Another Starting Pitcher With MLB Experience Who Picked the Pirates to Fix Him

One of the big topics this week in Pittsburgh Pirates camp was the opt out clause for Clayton Richard. The lefty decided to stick around in the organization, which meant he would go to extended Spring Training and eventually go to Triple-A.

There is another opt out situation in minor league camp. The Pirates signed Chris Volstad as a minor league free agent this off-season, but didn’t give him an invite to Major League camp. The right-hander has an opt out clause. Or maybe “had” is the right word. Honestly, I don’t know. Because Volstad doesn’t even care about the clause enough to know the date.

“I couldn’t even tell you what day it was, or if it’s even passed yet or not. It wasn’t anything I was ever concerned with or thinking about,” Volstad said.

This makes two situations this week where a pitcher with MLB service time has ignored his opt out clause in order to stick around in the Pirates’ minor league system, hoping they’ll fix him and get his career back on track.

“They have a great track record for working with guys,” Volstad said. “I knew through the coaches over here, from past teams and organizations. I had a lot of friends that came through here, and they had nothing but great things to say. All of those factors were the reason why [I signed].”

The right-hander talked with a lot of his former Marlins teammates who came through the Pirates’ organization — Tim Wood, Logan Kensing, Rick VandenHurk — and got great reviews. The biggest influence was Wood, who was the closer for Indianapolis in 2011 and 2012, and made it to the majors for a brief call-up in 2011.

Volstad has plenty of experience in the majors, throwing 703.2 innings between the Marlins, Cubs, and Rockies. He had some success when he first came up in 2008, but has largely struggled since then, looking like a number five starter at best. In his career, he has a 4.94 ERA and a 4.28 xFIP. He checks off a lot of the boxes you see with typical Pirates’ reclamation projects — high ground ball rates, the ability to get some strikeouts, and a high walk rate that could be fixed by pitching to contact and benefitting from the organization’s focus on pitch framing.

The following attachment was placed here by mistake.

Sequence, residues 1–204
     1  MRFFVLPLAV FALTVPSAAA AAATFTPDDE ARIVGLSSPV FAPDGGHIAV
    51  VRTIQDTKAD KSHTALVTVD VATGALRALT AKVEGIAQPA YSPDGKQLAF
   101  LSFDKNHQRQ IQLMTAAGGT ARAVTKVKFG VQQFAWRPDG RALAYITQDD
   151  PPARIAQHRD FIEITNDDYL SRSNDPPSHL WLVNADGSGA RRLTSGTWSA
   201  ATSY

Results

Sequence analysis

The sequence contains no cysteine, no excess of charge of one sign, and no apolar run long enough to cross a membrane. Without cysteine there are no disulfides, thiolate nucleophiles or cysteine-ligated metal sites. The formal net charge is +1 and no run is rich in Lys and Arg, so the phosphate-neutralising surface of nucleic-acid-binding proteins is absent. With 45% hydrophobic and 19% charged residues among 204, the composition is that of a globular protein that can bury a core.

Despite these trends, Volstad isn’t the typical reclamation project. Those guys usually have had success in the past in the majors, and the Pirates are trying to get them back to where they were mechanically during those successful times. Volstad is a different case. He’s a guy who has the talent to be a good MLB pitcher, but has lacked the little bit extra needed to stick at the major league level. A big reason for that was his inconsistency with his off-speed pitches.

“If hitters only need to focus on one pitch because the other two are inconsistent at times, or you haven’t really shown you can’t throw it for a strike at the big league level, it makes it really easy for them,” Volstad said.

He has been focusing this year on that consistency, especially with his curveball. He’s been working on a few mechanical adjustments to improve the secondary stuff, giving him better command of the pitch.

“Because of little mechanical flaws, it was just inconsistent at times,” Volstad said of his curveball. “The biggest thing is just controlling it, throwing it where I want to. Working with these mechanical adjustments, staying back better, getting my hand more on top of the ball, I’m able to locate it better. It just opens up a lot of things when you’re able to throw it for a strike, when you can throw it in the dirt, you can attack guys in different ways.”

With Richard starting in extended Spring Training, and Jameson Taillon unlikely to be with Indianapolis until mid-season, a rotation spot was opened up for Volstad. He will start for the Indians at the beginning of the year. He hasn’t been mentioned as an early season depth option, but if all goes well, he could definitely work his way into the majors at some point.

“We talked coming in that I’d be a starter, and just kind of see how things develop. You’ve got a lot of great arms in this organization,” Volstad said. “I definitely want to be in that position. Hopefully that’s the case. I’m just trying to focus on what I can to put myself in that scenario and hopefully be at least considered.”

For now, he will remain in the organization — opt out clause or no opt out clause — and hope that their pitching coaches can work their magic with him and get him on track to eventually stick in the majors for good — even if that means he’ll be pitching in the minors. That’s the same decision Richard came to earlier in the week, when he said his experience in the organization has been terrific.

“I feel the same way,” Volstad said, in reference to Richard’s comments. I love the guys I’m working with. The players in the organization. All the guys coming up, and the guys that will be in Triple-A. It’s been great.”